• Future unavailability can be found by receiving maintenance instructions issued by the administrator of the NFVI or by failure prediction mechanisms.

3.3.3. Correlation and Cognition

The VIM shall correlate each fault to the impacted virtual resource, i.e., the VIM shall identify unavailability of virtualized resources that are or will be affected by failures on the physical resources under them. Unavailability of a virtualized resource is determined by referring to the mapping of physical and virtualized resources.

VIM shall allow configuration of fault correlation between physical and virtual resources. VIM shall support correlating faults:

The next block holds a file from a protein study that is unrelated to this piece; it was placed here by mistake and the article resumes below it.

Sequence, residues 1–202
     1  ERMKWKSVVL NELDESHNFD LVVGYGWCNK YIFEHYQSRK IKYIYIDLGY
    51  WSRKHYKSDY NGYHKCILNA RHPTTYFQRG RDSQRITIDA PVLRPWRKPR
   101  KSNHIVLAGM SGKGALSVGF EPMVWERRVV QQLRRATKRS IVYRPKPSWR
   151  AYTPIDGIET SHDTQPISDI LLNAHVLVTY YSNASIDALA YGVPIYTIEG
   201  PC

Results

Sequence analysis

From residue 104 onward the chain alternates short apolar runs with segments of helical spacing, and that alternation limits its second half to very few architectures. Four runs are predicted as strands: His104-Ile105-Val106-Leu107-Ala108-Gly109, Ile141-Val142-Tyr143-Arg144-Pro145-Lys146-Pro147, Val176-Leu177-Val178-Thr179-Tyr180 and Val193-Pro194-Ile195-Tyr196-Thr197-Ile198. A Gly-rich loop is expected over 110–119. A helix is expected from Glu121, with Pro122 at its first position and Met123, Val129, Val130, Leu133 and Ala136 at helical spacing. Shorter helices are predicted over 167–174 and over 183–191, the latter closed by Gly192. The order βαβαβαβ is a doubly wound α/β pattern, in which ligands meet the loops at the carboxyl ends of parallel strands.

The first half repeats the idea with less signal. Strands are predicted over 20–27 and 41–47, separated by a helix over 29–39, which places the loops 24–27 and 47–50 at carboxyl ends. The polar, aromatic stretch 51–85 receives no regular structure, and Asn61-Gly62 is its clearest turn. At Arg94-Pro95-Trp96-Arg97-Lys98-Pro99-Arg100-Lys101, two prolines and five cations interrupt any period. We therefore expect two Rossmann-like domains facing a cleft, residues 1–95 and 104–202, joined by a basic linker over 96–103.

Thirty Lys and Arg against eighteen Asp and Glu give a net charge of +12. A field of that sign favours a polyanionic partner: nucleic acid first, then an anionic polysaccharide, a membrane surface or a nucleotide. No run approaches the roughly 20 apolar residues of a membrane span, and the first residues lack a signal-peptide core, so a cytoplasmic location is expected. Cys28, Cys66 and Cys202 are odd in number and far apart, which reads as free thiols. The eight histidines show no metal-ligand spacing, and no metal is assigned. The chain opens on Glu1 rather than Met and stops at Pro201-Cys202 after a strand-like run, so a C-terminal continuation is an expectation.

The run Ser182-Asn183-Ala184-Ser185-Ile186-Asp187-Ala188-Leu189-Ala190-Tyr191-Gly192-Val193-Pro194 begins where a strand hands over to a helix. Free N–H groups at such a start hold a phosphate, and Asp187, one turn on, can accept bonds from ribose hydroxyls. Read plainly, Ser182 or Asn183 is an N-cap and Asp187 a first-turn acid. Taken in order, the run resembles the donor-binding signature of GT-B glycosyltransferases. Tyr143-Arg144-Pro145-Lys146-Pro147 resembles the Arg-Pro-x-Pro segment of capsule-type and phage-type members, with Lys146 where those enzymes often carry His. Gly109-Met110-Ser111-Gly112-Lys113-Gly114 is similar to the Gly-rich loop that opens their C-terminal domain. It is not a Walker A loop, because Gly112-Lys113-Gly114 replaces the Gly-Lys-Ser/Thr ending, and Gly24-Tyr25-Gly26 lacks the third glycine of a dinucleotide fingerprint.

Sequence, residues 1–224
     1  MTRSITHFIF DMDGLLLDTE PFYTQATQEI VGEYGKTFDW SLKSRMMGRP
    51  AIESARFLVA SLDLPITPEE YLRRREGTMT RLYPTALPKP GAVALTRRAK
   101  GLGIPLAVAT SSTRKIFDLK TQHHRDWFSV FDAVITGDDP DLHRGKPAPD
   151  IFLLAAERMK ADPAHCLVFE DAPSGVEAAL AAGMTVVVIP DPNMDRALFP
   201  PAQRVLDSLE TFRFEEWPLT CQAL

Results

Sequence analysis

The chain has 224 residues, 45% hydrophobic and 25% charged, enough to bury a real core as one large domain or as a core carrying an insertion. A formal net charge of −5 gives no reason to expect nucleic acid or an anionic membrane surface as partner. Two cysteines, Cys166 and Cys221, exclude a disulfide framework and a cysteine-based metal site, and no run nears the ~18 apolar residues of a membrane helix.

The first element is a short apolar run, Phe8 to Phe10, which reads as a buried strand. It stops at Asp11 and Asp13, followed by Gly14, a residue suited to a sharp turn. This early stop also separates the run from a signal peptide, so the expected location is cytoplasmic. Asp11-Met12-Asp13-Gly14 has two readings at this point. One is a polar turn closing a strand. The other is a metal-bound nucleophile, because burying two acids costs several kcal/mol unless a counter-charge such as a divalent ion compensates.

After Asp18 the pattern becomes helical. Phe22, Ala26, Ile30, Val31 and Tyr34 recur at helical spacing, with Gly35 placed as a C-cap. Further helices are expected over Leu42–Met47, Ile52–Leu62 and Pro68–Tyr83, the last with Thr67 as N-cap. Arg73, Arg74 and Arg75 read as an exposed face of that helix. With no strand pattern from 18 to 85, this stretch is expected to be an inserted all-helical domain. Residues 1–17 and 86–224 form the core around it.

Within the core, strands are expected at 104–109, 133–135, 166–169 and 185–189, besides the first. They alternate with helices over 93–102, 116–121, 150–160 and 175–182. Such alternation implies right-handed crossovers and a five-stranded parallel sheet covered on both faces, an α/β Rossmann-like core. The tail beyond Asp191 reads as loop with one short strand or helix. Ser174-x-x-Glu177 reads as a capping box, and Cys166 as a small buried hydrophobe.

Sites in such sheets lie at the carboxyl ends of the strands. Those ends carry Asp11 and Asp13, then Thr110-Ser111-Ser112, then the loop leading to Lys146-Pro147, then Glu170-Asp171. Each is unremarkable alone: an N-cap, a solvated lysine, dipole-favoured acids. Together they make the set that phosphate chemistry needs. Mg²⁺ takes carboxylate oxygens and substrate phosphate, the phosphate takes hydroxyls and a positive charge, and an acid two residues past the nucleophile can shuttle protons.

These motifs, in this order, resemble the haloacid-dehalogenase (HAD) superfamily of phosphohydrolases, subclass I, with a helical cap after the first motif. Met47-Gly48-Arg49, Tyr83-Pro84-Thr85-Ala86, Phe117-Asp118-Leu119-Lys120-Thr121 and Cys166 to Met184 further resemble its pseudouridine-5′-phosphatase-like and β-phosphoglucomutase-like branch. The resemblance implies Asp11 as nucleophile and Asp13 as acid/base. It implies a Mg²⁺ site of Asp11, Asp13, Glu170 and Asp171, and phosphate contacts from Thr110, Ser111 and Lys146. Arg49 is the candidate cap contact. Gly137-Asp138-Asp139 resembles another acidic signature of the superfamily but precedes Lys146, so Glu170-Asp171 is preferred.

• between a physical resource and another physical resource
  • between a physical resource and a virtual resource
  • between a virtual resource and another virtual resource

Failure aggregation is also required in this feature, e.g., a user may request to be only notified if failures on more than two standby VMs in an (N+M) deployment model occurred.

3.3.4. Notification

The VIM shall notify the alarm, i.e., unavailability of virtual resource(s), to the Consumer owning it over the northbound interface, such that the Consumers impacted by the failure can take appropriate actions to recover from the failure.

The VIM shall also notify the unavailability of physical resources to its Administrator.

All notifications shall be transferred immediately in order to minimize the stalling time of the network service and to avoid over assignment caused by delay of capability updates.